It’s fitting that Catie Curtis thanks public radio in the liner notes of her latest release, Long Night Moon
. I first heard her music long, long ago on NPR’s World Cafe. Her live in studio performances of “Radical” and “The Wolf” made me rush out to buy her debut album, Truth From Lies
. In those pre-Lilith Fair days, such a raw and stripped down acoustic sound was rare for female artists. Catie’s new album shows how much her musical style has matured while still maintaining the purity and sincerity that first drew me to her music.
“Find You Now” opens the album with a strong beat beneath a mix of acoustics, electric, and piano. The sound of the music is a bit more polished than I’m accustomed to hearing from Catie, but it only emphasizes the pretty tone of her voice.
“Strange” has a softer acoustic sound with a small and eclectic hint of bluegrass courtesy of mandolin, dulcimer, piano, organ, and orchestra bells. “Water And Stone” features country singer-songwriter Mary Chapin Carpenter on harmony vocals.
“It’s A Wonder” has harmony vocals by Mark Erelli. It’s a simpler but very beautiful tune with a sweet vocal melody and strings. Catie sounds a little like Heather Nova on “Rope Swings And Avalanches”.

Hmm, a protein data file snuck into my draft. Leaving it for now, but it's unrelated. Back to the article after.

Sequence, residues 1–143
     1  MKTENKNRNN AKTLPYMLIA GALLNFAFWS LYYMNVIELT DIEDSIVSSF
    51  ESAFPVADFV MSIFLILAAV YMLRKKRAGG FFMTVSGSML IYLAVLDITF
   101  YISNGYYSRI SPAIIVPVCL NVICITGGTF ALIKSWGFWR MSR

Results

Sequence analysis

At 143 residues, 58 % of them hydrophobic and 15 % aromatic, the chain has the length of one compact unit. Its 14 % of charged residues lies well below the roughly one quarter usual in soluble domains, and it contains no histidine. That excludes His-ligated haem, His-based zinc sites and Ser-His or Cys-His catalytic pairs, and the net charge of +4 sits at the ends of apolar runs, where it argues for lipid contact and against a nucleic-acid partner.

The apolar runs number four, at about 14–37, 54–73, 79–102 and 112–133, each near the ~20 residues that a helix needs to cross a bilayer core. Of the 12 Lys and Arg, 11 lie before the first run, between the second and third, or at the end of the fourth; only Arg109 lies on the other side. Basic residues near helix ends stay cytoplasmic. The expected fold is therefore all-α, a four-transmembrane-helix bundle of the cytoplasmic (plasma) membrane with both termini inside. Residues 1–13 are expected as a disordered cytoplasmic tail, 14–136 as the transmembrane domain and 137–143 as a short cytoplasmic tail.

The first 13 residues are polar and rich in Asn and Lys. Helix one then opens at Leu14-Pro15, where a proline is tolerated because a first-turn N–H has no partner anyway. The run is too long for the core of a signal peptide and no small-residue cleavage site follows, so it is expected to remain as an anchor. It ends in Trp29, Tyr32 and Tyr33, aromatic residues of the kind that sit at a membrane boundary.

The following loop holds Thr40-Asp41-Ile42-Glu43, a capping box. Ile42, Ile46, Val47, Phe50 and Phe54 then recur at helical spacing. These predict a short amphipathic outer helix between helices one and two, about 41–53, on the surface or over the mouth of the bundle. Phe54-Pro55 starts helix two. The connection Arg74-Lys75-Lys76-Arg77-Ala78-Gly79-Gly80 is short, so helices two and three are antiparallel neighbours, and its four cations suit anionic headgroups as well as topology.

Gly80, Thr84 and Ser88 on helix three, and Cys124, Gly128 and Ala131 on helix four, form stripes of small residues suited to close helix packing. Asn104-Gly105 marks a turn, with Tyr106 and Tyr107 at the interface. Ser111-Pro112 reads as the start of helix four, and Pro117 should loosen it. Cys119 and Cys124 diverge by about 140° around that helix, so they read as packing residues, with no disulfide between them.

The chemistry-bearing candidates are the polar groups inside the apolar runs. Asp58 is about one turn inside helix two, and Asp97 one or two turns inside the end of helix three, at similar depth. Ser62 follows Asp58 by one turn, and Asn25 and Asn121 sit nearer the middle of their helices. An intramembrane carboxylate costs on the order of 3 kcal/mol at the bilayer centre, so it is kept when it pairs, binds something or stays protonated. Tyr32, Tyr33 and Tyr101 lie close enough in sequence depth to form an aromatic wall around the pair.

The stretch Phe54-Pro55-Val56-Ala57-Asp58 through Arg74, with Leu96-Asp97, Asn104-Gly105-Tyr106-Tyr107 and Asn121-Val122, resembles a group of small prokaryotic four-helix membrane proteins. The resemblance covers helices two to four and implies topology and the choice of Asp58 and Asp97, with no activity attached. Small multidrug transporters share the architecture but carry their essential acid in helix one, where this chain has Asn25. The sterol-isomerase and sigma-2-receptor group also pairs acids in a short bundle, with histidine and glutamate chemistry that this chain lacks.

“People Look Around” has subtle political and social commentary within its poetic lyrics. “Innocent” is a lovely cello and piano song. “Passing Through” again has Mark Erelli on harmony vocal.
“Hey California” is the highlight of the album. The track features Erin McKeown on harmony vocal over an upbeat tempo meshed with slide guitar and dulcimer.
“Long Night Moon” closes the album with twangy lapsteel, guitars, and piano beneath a soulful vocal performance.
Catie Curtis Official Site
Buy the album